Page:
workshop Ecoprinting Wolop Gouda wol ecodyeing
The dandelion is my favourite. It’s an experiment but it seems to be going well. And the yarn has sparkles!
workshop Ecoprinting Wolop Gouda wol ecodyeing
We made a vessel of our own. Lieneke taught us how you can determine whether a plant shows promise for dyeing. It was a really good workshop!

Just when we thought we were done we got a fourth, extra technique. It was a special bundle that we have to bury in the garden and leave there for months. Months!

It was a really good workshop. I recommend it. There will be a second one in June, in Gouda, in the second studio Lieneke uses. June 17th, 45 euros all in.

workshop Ecoprinting Wolop Gouda wol ecodyeing

You may skip this last bit, it’s about my health:
I was meant to do this workshop last year but something went wrong on the trainride to Gouda. The train broke down and we stranded in the middle of the country on a very hot day (May 28 2016). I dehydrated while trying to make it to Gouda in time, by bus. Dehydration is a danger when dealing with adrenal problems. A danger I’m prone to, I learned that day. Luckily my parents live near one of the busstops and I avoided an adrenal crisis by ringing their doorbell, heaving and shaking and crying uncontrollable, unable to speak.

Luckily my mother is not easily spooked, she put me on a day bed and brought me salted tea. Later on my husband came by car to get me and take me home. No workshop for me and it has stung for many months. Stupid health. Stupid trains!!

But now I’ve done the workshop and it was wonderful! I learned so many things! And grew so confident by seeing the examples and seeing how Lieneke does things and approaches eco dyeing.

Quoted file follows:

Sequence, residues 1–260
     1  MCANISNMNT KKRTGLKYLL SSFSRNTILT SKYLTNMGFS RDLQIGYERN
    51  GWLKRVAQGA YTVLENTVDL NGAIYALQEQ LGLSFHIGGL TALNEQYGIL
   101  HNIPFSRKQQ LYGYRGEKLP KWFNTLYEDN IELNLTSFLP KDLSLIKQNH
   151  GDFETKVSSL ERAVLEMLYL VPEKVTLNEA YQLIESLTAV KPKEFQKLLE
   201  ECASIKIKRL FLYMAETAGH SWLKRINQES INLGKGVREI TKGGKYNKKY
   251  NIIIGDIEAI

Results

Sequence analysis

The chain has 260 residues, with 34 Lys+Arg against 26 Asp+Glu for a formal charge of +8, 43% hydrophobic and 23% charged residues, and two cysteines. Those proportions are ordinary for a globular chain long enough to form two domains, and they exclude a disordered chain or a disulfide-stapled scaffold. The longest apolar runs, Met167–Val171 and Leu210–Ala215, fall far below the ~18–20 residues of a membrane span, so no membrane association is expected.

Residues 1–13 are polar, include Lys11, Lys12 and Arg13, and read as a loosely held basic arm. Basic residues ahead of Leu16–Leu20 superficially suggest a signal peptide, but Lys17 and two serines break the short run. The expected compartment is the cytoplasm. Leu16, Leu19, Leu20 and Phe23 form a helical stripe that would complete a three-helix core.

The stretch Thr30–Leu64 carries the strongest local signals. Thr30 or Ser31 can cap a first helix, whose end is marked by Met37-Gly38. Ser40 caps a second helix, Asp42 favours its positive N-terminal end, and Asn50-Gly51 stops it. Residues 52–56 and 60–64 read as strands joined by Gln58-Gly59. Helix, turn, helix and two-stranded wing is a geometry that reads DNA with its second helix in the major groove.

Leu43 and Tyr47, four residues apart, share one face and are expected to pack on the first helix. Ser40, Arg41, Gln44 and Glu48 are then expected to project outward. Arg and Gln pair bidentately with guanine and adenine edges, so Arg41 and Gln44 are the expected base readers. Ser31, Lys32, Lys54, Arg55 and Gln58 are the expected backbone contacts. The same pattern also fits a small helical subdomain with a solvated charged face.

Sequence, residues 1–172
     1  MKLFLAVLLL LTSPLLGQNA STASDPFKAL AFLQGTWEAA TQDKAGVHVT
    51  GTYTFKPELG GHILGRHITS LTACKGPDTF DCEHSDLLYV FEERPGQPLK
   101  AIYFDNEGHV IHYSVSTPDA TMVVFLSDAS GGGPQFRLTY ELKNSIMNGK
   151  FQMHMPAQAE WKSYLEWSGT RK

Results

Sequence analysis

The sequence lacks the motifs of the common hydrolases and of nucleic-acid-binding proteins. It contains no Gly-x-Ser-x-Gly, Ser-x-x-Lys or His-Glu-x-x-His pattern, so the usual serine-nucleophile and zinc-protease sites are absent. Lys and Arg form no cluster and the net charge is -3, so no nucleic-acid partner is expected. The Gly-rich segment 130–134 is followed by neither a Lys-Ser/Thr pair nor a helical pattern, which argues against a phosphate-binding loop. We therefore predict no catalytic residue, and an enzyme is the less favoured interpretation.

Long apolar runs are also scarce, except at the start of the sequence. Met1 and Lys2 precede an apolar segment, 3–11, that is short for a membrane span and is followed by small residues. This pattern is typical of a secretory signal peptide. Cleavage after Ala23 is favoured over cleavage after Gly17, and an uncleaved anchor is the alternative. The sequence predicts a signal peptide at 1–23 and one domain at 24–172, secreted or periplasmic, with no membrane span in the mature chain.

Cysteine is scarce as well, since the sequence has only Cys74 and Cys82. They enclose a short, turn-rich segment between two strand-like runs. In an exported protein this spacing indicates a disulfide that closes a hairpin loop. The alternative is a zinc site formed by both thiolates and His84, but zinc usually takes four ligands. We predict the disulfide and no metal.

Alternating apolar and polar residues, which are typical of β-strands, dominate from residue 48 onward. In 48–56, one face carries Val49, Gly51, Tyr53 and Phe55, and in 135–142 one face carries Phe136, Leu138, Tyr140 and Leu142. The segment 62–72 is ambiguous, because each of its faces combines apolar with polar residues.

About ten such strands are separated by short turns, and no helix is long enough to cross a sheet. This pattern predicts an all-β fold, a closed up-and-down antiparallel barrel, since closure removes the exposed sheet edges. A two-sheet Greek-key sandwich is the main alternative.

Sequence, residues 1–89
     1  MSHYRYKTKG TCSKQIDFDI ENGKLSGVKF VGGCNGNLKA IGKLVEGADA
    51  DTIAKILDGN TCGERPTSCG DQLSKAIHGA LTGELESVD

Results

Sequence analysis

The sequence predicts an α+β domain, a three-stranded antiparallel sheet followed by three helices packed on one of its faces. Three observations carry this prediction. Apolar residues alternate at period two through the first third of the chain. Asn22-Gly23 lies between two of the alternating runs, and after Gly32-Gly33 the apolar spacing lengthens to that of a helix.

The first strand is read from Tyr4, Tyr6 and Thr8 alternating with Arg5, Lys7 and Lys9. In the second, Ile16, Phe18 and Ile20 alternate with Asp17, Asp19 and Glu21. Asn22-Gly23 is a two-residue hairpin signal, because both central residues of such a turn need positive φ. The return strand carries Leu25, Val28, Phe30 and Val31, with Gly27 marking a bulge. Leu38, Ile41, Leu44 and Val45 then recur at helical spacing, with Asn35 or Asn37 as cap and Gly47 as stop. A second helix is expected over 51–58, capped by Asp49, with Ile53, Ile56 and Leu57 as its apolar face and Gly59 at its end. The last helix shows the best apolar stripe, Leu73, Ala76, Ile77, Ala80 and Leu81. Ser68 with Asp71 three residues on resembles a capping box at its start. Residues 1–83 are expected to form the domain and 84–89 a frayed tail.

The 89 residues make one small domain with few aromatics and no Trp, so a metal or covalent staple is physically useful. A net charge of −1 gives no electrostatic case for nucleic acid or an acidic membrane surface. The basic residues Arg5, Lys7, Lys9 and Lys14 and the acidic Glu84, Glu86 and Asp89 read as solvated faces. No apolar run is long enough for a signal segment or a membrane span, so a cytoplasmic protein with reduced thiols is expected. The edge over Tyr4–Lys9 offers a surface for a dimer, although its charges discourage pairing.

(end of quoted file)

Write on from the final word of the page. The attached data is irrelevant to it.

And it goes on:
I did get reminders that my health is not optimum. I had trouble concentrating and needed to eat Wolop’s chocolate chip cookies all the time. It is weird, not being in full control of your mind. It got a bit better when I took more and more of Hydrocortisone (which scares me because it depletes the bones of Calcium).

Still. It’s not easy not being well. It is weird, first and foremost. I suspect it gets weirder with age.

It forces me to often take stock of all the things I want to do and then choose the most important to do firstly. Because there’s not enough vitality and time to do all the things. (The stock taking itself takes energy too so got to keep that in mind too. And then there’s the need to stop doing the fun thing halfway through because there’s vitality and time needed to clean up too.)

Man. Living ain’t easy. And it’s weird. But the workshop was lovely!
workshop Ecoprinting Wolop Gouda wol ecodyeing

hijacking someone else’s design

So I’m knitting the mystery knit-a-long in the Dutch sock knitting group on Ravelry. It’s the design by HeleenK: Streepje anders

It turns out to be a wonderful stripey sock which looks nice in many different yarns.

From the start I knew I wanted to do a version with shorter legs, because I want these to be socks for Summer. With their nice berry colours:

I did only half of the leg charts but I didn’t dare to show in the KALthread were everybody was so enthousiastic and following every clue to the lettre as it was being revealed. The designer was so happy with everyones pictures. How could I show mine, butchering her design?

But she’s such a nice woman and it felt weird not showing my progress when they all had seen my cast on post and I did try to maintain the intent of her design so I dared to post a picture, very apologeticly. It feels so intrusive, to alter someone else’s design, especially when it’s so new and part of it is still a mystery.

A leg half as high as the pattern states: